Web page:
A top European Union legal adviser has just said that software installed in Volkswagen cars to alter the number of pollutants coming out of their exhaust pipes in hot or cold weather and at high altitudes doesn’t conform to the 27-nation bloc’s laws.
The case arose when Austrian courts asked the European Court of Justice to rule on whether the software made by Volkswagen, which also includes Porsche, constitutes a “defeat device” that could be used to cheat on car emissions tests.
In a legal opinion for the Luxembourg-based ECJ, European Court of Justice, Advocate General Athanasios Rantos said that the software at issue reduces the effectiveness of the emission control system in normal vehicle operation and use, with the result that it constitutes a ‘defeat device. His legal opinion, which also said that the software cannot be justified as a way to protect car engines, is not binding on the ECJ, but Europe’s top court does follow such advice in most cases.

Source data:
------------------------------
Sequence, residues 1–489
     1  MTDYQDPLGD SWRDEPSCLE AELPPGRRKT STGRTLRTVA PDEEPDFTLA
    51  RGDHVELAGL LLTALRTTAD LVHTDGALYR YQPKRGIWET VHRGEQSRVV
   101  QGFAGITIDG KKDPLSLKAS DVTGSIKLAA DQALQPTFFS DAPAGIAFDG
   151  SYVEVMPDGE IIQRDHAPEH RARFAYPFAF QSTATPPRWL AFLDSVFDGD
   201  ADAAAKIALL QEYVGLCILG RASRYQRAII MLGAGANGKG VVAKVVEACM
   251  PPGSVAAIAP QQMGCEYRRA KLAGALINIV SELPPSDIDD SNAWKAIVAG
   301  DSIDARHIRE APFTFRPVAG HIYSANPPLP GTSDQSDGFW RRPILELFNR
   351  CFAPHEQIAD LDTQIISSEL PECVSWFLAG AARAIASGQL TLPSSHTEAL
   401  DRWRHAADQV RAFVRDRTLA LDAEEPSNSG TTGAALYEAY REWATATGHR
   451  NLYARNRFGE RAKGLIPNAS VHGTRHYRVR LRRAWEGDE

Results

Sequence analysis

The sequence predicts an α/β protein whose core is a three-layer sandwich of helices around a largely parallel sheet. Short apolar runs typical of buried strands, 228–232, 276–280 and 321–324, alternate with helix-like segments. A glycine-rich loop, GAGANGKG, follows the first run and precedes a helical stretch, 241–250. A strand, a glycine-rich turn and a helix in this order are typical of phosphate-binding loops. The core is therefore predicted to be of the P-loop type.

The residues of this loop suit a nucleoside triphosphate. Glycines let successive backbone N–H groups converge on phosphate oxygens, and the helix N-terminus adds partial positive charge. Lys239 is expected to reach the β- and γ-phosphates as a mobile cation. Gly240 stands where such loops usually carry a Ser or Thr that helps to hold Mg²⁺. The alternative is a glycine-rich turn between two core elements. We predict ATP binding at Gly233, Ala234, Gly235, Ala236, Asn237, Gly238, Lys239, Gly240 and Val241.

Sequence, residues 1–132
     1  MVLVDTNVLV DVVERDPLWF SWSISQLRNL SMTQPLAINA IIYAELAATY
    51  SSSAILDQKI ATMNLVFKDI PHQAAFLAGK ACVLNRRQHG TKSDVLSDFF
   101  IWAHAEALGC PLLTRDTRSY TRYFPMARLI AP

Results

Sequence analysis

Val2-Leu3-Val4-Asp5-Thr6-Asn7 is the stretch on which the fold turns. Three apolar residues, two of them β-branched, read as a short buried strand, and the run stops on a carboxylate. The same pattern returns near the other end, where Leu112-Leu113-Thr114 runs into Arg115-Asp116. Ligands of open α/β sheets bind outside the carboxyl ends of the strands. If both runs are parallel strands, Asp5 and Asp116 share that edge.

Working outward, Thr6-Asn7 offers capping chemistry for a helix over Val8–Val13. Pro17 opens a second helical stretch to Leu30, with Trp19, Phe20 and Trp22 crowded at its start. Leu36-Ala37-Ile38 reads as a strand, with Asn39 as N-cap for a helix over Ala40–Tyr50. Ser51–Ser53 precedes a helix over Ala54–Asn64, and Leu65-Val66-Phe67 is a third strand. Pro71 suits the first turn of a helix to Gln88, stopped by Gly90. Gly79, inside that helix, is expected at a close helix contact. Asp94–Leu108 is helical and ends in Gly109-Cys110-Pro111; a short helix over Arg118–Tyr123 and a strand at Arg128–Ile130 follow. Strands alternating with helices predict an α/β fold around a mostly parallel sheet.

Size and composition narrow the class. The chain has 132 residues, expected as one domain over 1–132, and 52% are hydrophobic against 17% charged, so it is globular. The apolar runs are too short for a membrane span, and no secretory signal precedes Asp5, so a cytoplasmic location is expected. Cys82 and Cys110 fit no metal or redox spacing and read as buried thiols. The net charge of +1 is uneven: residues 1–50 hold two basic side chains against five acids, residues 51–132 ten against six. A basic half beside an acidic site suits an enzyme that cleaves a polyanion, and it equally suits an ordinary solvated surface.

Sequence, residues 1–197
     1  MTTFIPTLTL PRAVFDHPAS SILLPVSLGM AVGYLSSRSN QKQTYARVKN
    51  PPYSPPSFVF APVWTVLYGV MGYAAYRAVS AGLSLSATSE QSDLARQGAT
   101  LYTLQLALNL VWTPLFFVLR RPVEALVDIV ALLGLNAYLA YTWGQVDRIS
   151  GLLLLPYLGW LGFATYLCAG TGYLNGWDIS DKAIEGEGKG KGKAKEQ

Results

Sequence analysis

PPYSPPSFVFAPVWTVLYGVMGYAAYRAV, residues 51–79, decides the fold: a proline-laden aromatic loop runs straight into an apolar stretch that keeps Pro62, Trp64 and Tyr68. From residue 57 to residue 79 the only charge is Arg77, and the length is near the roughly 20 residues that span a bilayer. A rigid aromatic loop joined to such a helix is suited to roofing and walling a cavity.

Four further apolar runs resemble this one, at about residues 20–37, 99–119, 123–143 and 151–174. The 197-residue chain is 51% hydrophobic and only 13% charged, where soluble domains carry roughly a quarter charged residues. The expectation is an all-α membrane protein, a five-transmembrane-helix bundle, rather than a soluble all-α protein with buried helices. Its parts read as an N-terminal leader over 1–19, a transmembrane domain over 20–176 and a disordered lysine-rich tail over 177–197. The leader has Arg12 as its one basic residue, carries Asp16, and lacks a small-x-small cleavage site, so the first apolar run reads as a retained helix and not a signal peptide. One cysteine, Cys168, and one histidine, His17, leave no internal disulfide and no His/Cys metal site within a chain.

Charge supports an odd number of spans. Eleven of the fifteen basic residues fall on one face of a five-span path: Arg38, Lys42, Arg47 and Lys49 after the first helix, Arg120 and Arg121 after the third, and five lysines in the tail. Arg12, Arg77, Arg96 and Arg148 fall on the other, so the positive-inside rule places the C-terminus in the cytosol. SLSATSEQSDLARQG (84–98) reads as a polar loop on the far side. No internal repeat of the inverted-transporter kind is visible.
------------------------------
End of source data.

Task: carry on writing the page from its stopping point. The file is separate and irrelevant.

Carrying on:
The VW software reduces the purification of exhaust gases, chiefly nitrogen oxide, when the weather is colder than 15 C (59 F) or climbs above 33 C (91.4 F), as well as when the vehicle is driven at an altitude of 1,000 meters (3,280 feet) or more.
Rantos said that the temperature window when the exhaust fumes were being cleaned “is not representative of real driving conditions” because temperatures often drop below 15 C (59 F) in Austria and Germany, where cars are also routinely driven at higher altitudes. Should the ECJ act in line with Rantos’ opinion when it rules in the coming months, the verdict would be a new blow to Volkswagen.
The automaker has been mired in a scandal known as “Dieselgate” since 2015 when the U.S. Environmental Protection Agency found that the company had installed special software to rig U.S. emissions tests for its latest “clean diesel” vehicles. Volkswagen has apologized and paid more than 31 billion euros ($36 billion) in fines, recall costs and compensation to car owners.
The German car manufacturer admitted to fitting millions of cars with the device and it turned out that the use of the cheating software hadn’t been isolated to the U.S. In Europe, it had been argued that the software could be justified by the fact that it helps protect the engine over time.